Parents' psychosocial adjustment in families of children with Spina Bifida
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With bibliogr., with a summary in Dutch. - Dissertation Radboud University of Nijmegen
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SW OZ BSI OGG
SubjectPsychosociale aspecten; Spina bifida; Gezin; medische psychologie; Developmental psychopathology; UMCN 3.1: Neuromuscular development and genetic disorders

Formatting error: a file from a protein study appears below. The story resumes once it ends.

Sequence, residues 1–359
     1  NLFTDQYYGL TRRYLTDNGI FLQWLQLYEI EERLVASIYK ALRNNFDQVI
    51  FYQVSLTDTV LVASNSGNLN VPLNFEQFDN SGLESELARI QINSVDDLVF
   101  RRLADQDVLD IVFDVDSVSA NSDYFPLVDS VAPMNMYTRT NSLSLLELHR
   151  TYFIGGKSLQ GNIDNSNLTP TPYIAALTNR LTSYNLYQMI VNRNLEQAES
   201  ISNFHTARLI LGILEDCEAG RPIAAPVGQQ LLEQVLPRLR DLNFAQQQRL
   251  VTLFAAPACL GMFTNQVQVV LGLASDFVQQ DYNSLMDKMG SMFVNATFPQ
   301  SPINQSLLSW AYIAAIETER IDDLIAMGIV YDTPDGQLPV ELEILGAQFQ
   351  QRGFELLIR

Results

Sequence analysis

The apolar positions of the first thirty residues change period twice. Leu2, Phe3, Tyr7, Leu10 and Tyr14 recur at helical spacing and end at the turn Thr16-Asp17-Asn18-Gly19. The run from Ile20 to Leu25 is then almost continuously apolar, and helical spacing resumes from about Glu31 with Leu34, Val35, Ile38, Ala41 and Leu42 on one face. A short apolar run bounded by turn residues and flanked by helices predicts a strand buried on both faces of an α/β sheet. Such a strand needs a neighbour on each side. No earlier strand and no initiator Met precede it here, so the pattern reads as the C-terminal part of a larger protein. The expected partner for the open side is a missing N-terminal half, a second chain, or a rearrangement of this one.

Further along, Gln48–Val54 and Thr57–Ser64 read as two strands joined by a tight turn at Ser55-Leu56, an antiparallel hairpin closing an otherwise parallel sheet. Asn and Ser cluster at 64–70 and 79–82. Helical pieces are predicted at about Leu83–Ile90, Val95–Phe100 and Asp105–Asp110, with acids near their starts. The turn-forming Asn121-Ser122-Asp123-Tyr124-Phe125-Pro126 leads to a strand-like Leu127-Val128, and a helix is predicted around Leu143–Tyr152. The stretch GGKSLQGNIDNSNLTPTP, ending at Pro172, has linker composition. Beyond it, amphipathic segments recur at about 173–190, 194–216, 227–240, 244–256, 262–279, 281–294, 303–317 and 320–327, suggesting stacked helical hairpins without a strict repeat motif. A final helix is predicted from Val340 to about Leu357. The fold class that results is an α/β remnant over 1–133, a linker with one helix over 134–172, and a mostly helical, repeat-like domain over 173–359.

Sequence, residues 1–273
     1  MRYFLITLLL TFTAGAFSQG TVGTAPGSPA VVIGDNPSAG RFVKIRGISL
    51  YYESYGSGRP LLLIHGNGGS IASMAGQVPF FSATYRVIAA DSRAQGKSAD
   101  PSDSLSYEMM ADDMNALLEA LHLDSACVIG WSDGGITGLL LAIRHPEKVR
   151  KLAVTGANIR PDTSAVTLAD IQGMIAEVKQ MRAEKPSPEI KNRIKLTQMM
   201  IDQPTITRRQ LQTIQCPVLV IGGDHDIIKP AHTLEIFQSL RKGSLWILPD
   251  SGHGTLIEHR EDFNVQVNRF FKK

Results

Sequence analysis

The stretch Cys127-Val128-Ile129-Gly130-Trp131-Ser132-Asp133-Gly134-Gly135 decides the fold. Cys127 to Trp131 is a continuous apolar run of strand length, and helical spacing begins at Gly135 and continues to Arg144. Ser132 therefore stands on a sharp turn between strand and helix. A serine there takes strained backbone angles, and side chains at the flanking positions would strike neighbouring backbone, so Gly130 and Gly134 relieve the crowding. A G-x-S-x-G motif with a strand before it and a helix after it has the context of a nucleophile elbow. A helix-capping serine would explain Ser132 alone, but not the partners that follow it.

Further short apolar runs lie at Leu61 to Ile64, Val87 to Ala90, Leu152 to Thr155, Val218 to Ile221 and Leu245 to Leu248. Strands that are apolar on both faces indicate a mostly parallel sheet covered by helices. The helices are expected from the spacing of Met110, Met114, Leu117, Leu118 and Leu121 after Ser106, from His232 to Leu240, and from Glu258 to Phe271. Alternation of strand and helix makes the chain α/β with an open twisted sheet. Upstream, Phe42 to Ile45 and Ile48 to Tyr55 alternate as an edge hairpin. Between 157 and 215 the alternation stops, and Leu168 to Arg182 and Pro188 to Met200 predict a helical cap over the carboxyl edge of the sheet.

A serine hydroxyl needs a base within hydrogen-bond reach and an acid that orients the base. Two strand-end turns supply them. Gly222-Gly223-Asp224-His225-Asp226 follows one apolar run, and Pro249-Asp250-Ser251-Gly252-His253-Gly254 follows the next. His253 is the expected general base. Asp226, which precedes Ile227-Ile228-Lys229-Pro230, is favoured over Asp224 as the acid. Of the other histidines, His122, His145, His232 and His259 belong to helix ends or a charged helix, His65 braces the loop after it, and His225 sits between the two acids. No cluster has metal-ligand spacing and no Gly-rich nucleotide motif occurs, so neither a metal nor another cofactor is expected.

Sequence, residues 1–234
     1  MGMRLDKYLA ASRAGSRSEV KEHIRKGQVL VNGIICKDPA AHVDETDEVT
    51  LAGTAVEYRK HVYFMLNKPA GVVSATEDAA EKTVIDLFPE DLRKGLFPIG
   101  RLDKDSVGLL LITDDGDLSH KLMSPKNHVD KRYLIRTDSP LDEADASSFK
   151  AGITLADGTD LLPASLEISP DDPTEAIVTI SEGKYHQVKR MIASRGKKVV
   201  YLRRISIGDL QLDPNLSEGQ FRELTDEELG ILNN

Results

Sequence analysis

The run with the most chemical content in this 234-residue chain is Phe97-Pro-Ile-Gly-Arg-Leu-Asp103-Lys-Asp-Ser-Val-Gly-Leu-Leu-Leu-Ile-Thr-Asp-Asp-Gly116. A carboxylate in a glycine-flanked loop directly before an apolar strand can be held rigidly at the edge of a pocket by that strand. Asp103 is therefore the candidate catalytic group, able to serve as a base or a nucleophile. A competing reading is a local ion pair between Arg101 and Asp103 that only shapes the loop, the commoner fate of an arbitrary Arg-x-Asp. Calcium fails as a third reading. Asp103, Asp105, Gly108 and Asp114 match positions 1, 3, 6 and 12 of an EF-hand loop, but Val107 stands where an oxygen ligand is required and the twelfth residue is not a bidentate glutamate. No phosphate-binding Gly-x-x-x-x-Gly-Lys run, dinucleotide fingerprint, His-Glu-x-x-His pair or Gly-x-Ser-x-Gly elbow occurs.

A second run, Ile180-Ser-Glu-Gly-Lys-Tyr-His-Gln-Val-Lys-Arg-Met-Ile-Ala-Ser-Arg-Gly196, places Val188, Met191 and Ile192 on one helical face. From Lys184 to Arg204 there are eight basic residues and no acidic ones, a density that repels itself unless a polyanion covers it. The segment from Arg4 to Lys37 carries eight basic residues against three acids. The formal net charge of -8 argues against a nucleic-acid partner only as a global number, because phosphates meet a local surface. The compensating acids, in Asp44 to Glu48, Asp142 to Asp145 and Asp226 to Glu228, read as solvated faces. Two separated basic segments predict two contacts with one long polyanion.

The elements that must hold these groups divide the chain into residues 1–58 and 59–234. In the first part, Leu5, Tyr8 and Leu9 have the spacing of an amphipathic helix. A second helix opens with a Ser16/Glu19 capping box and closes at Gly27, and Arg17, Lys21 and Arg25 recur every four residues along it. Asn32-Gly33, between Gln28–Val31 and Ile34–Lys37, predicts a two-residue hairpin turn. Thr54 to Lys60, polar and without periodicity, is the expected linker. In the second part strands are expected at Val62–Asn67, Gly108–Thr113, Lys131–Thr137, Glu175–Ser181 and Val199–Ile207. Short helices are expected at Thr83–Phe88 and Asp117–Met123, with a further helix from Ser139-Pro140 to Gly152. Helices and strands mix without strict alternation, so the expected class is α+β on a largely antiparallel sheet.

Spina bifida is the most common, congenital, neurological disorder. Children with spina bifida live with a range of impairments depending on the severity and the location of the spinal defect. Medical treatment of the disorder is very complex and can involve decision-making processes around sensitive issues such as the termination of pregnancy, selection criteria for treatment, and euthanasia. There is however, insufficient scientific knowledge concerning the consequences of spina bifida available as a basis for these complicated decision processes. This is specifically true for the psychosocial consequences of spina bifida. Therefore, we studied the impact of spina bifida on parents’ mental health and on their social adjustment within the parent-child relationship, the partner relationship, and the family climate. We conducted systemic reviews of the existing literature and interviewed the parents of 78 patients with spina bifida who were born at or referred to the Radboud University Medical Centre in Nijmegen, The Netherlands. From the results we concluded that spina bifida causes increased levels of psychological strain in parents - particularly during the first years after birth - and high levels of parenting stress. The disorder nonetheless, on the long term spina bifida does not necessarily lead to psychopathology in parents, depending on the presence of protective factors, such as partner support, family support, social support, personality traits, and active coping styles as well as risk factors, such as the severity of the child’s functional impairments and family conflicts. Finally, no evidence was found for a detrimental impact of spina bifida on the partner relationship or the family climate.
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